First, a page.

The History of Enzyme Therapy


The History of Enzyme Therapy

Even in the early days of human civilization, we have used Enzymes without knowing of their incredibly potential in e.g beer and wine making, in the 21st century we very consciously and efficiently try to use the vast potency of Enzymes.

Tracing the use of Enzyme back to the Bible, the 2nd Book of Kings states the healing of the cancer stricken King Hiskia through fig bandaging.

French natural scientist Rene Reamur (1683 - 1757) proved, with the help of Italien priest Lazzaro Spallanzani that a predatory bird's food is not - as previously believed - mechanically ground in the stomach, but is decomposed through a substance in gastric juice. A perforated metal capsule with meat content was fed to the predatory bird. As the bird regurgitated the capsule, it was empty. In a subsequent experiment a sponge was added to the metal capsule to extract the bird's gastric juice. The gastric juice was trickled onto meat and this decomposed.

In 1836, German scientist Theodor Schwan named the substance in gastric juice that quite strongly decomposed and dissolved protein "pepsin". In 1837, swedish chemist Jöns Jacob Berzelius made the first theoretical deliberations that this substance and/or substances are biocatalysts - metabolic catalysts.

Jean Senebier (1742 - 1809) spread animal gastric juice on the poorly healing wounds and open leg ulcers of his patients and achieved success with this approach - the proliferating tissue was dissolved and the healing process could start.

Louis Pasteur differentiated biocatalysts in thos acting whiing the cell and those acting outside the cell. In 1878, Willy Kühne named the biocatalysts acting outside the cell "enzymes". The confusion regarding the name "ferments"/"enzymes" was officially ended 1897, and since then all biocatalysts have been referred to as "enzymes"!

Around 1900, Scottish physician John Beard had successes in the treatment of cancer patients by applying aqueous extract from the fresh pancreas of piglets and lambs. Colleagues repeated this with prepared pancreas extracts and could not prove any effect. Therapy with enzymes was consequently forgotten. At that time it was not yet known that enzymes stored over a longer period lose their activity. Enzyme therapy was only rediscovered around 1930 by scientists Ernst Freund and Gisa Kaminer in Vienna. They observed how cancer cells kept in vitro (in a test tube) are dissolved it the serum of cancer patients is oncocytolytically inactive. The so-called "Freund-Kaminer reaction" ensues: the observed process is attributable to an inhibitor in the blood of cancer patients or respectively to a substance in the blood of healthy persons (so-called "normal substance") which dissolved the inhibitor.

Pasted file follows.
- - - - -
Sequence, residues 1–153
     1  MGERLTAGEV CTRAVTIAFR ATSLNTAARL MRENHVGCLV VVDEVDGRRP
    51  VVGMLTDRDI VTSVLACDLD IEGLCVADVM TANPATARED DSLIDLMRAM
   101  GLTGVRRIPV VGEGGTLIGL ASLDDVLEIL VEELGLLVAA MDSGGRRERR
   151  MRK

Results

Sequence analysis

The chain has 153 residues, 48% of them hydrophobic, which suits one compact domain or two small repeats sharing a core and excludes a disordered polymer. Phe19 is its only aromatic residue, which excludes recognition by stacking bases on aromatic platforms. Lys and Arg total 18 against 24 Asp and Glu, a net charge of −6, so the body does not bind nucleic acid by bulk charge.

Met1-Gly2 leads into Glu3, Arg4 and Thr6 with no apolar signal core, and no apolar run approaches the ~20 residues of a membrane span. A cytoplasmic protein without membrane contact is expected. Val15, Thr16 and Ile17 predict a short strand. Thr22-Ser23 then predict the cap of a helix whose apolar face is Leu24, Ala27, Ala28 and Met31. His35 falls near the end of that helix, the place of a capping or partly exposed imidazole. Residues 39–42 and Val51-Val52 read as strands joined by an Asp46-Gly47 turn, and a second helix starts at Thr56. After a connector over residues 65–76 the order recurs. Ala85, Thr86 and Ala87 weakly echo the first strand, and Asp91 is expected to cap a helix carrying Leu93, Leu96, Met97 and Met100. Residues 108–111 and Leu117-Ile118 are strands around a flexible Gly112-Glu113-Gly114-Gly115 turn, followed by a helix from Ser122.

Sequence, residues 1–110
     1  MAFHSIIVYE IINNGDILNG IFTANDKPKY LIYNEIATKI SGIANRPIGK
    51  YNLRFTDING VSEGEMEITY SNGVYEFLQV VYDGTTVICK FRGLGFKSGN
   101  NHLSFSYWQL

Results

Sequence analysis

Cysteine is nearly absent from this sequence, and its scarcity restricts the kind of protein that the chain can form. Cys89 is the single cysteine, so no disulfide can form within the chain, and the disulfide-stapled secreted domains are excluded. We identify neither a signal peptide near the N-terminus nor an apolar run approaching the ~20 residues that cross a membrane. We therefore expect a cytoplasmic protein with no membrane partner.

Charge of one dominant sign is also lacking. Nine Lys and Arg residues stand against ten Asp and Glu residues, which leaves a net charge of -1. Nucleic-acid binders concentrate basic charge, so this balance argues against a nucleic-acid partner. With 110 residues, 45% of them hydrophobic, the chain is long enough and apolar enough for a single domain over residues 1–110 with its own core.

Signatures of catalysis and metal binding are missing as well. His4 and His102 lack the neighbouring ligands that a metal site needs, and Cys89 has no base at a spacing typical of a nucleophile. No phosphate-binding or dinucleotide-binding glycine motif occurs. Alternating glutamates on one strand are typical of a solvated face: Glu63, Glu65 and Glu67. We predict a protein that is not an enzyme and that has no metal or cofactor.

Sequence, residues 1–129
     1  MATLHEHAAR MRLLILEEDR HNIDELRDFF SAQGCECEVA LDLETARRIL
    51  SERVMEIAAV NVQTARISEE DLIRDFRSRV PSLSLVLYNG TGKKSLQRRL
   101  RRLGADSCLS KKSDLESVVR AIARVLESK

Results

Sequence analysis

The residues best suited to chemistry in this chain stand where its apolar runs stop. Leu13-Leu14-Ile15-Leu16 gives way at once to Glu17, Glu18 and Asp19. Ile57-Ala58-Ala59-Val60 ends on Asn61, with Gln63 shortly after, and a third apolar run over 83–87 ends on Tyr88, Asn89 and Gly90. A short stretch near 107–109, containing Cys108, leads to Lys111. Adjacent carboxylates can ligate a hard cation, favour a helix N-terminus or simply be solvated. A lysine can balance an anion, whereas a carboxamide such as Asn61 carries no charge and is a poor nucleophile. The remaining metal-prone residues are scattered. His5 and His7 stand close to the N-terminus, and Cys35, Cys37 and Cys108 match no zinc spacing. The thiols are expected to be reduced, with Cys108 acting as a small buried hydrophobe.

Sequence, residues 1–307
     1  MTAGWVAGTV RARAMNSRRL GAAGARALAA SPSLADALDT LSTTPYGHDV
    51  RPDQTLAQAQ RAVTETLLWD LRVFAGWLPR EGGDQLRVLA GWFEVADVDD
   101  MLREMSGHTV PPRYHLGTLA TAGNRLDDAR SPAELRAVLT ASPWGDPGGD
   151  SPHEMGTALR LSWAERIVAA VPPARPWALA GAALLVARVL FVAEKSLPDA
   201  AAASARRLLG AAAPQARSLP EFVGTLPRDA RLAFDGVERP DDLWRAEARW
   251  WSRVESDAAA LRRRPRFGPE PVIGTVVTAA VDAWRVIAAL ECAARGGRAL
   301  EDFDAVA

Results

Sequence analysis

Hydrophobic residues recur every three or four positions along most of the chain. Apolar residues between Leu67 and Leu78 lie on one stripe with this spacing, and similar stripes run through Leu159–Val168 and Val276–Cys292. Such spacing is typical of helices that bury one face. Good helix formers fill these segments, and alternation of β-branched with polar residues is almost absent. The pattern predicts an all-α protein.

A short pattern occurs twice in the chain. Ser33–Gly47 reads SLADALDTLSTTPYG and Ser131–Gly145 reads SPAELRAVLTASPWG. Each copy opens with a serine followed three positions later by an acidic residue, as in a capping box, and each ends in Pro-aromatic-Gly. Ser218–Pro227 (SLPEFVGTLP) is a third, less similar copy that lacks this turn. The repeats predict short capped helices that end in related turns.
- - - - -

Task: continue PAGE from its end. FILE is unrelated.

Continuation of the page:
Prof. Max Wolf was an universal genius. Born in 1885 in Vienna, he initially studied structural and civil engineering after graduation from secondary school. He became an engineer and made many technical inventions (e.g. a patent for a technical system to automatically stop misrouted trains). As this became too boring for him, he discovered his talent for painting and became court painter for Emperor Franz Joseph of Austria. He was in New York at the time of the outbreak of the First World War and started his medical studies there. Soon he became a professor of medicine at Fordham University in New York and acquired a total of 7 different doctoral degrees in his life. He initially practiced as a gynecologist and ENT specialist, wrote the first textbook on endocrinology and dealt with applied genetics afterwards. Around 1930 he restricted his wide-ranging interest and concentrated merely on enzyme research because he became aware of the key role and enormous possibilities of enzymes. He established contact with Freund and Kaminer in Vienna, and after Freund's death he continued research on this "normal substance" discovered by Freund. Wolf soon determined that the inhibitors in the blood of cancer patients are eliminated through small quantities of chymotrypsin or plasmin. Soon he correctly concluded that this "normal substance" involved enzymes: - certain proteolytic enzymes (hydrolases) in the serum of healthy persons are involved in the selective destruction of malignant cells. He was also able to treat other health disorders with the aid of hydrolases. He was able to treat other health disorders with the aid of hydrolases. He established, along with his employee, cell culture technician Helen Benitez, the Biological Research Institute in New York. The suitable mixture of hydrolases, the so-called "Wolf-Benitez enzyme misture" "WOBE enzymes" - could be found after laborious research. Among the patients who Wolf treated with enzymes were Marilyn Monroe, Charlie Chaplin, Marlene Dietrich, Pablo Picasso, the Kennedys and many others. Professor Max Wolf handed over his scientific legacy to Karl Ransberger.

The Biologist Karl Ransberger, was working with Professor Helmuth Haubold (Physician) in Munich on Vitamin research and investigated the connection between Vitamin A deficiency and certain illnesses. He initially collaborated on projects at the Biological Research Institute in NY and established with Prof Max Wolf the "Medizinische Enzymforschungsgesellschaft" (Medical Enzyme Research Institute) in Munich - which is now lead by Dr. Hellmut Münch. Karl Ransberger set further milestones with the Establishment of Mucos Pharma in Geretsried and the development of Phlogenzyme, Dr. Hellmut Münch, as a young student was at that time already involved in the development of this product. In 2001 Karl Ransberger transferred the leadership of MEF to Dr. Hellmut Münch.

In 2005 Dr. Hellmut Münch developed the product INNOVAZYM.


Source: MEF (Medizinische Enzymforschungsgesellschaft/ Europe)